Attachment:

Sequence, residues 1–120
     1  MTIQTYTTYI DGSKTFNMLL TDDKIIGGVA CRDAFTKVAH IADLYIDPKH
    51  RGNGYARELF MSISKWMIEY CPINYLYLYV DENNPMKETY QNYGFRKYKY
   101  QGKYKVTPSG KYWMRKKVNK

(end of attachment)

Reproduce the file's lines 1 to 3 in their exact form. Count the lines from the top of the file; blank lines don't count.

Sequence, residues 1–120
     1  MTIQTYTTYI DGSKTFNMLL TDDKIIGGVA CRDAFTKVAH IADLYIDPKH
    51  RGNGYARELF MSISKWMIEY CPINYLYLYV DENNPMKETY QNYGFRKYKY